Ceramic Artist Awarded $65,000 Fellowship, Voxy – “Baye Riddell is a much-admired leader of the Māori ceramic movement and we are pleased to award him the 2011 Creative New Zealand Craft/Object Fellowship.” Having worked as a ceramics tutor, Riddell is looking forward to artistic exploration and extending knowledge of low-cost firing.
Dorothy Miner Ceramics Collection is Focal Point of Cowans+Clark+DelVecchio Auction, ARTFIXdaily – An auction of the collection of New Yorker Dorothy Miner (1936-2008) Pieces include works by “Betty Woodman, Lucie Rie, Peter Voulkos, Richard Devore,” Rudy Autio and others. The auction takes place at Cowan’s Auctions salesroom on June 4, 2011 in Cincinnati, Ohio.
Free studio tours offer Winnipeggers a glimpse into artists’ creative realms, CBC – “This weekend you can take an studio tour and meet artists working in many media – paintings, ceramics, sculpture, watercolour, printmaking, glass art, jewellery-making, wearable art and more. And here’s a phrase Winnipeggers love to hear: It’s free.”
Madison County man working on options to keep iconic Bybee Pottery in business, Daily Reporter – Jimmy Cornelison won’t let a pottery that operated near Richmond, Virginia, for 200 + years close “without a fight.” The economic downswing over the last three years have brought the business to its lowest ebb. When it was up and running, it produced “folk-art plates, pots, bowls, mugs and other items.”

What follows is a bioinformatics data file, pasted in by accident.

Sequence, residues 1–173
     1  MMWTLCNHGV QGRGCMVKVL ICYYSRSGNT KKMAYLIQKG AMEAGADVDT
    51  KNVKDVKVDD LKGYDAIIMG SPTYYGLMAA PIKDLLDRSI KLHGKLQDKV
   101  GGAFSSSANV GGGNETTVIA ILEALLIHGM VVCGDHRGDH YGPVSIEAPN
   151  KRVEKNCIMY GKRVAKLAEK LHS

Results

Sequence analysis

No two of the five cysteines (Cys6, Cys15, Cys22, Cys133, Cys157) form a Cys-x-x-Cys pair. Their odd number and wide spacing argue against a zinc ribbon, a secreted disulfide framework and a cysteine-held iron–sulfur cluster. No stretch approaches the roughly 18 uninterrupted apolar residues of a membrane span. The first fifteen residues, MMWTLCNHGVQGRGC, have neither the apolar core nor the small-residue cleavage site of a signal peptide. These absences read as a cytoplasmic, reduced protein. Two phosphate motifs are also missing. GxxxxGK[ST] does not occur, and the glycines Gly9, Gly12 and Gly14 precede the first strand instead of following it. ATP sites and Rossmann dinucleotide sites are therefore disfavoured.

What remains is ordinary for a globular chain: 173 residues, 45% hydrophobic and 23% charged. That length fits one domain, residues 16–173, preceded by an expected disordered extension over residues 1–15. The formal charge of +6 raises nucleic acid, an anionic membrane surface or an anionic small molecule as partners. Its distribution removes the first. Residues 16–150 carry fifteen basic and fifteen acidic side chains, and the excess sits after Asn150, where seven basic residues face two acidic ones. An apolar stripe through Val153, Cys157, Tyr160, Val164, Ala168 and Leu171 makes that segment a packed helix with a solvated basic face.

Fired-up tales of ceramics in wonderland, The Japan Times – Excellent overview of emerging Japanese ceramic artists who are part of a show that runs till June 14 at Tomio Koyama Gallery, Kyoto, Japan.
New Exhibition Celebrates Clay Through The Ages & From Around The World, Antiques and the Arts Online – A new Denver Art Museum exhibition runs June 11-September 18. “Celebrating the prolific and diverse material, ‘Marvelous Mud’ reveals how clay has shaped culture, creativity, science and industry over time and around the globe.” Some of the works date from 300 to 1300.
Walls come alive with 3D, Business Standard – “…the recent innovation in the ceramics industry — 3D tiles’. There’s more to it. Ceramics also offer digital tiles that have imprinted high resolution pictures and can produce thousands of uniformly designed tiles with no variance in colour or pattern.”
Designs for the future, The Star – “The Rado True Thinline is touted as the world’s thinnest high-tech ceramic watch.” The Swiss watchmaker has been in the forefront of technnological change and this is its newest innovation.
We had so much fun in the studio yesterday! It was the last day of the ArtWalk and we were all feeling festive. Pauline Doyle and Dan Severance showed their lovely work in the main studio area. I’d say about 100 or more people came by the studio. After seeing Pauline and Dan’s work, couples, families and individuals worked their way down the hall, looking at displays. Finally, they arrived at the area where the Open Studio crew was working, the throwing room, the glazing/kiln room and the space between. As Gary sculpted his horse, he drew quite a crowd. Many people had never see such a work in progress and they were spellbound. Gary’s friendly and he chatted and answered all their questions. Sylvia wedged clay and threw along with Lily. And there were treats aplenty.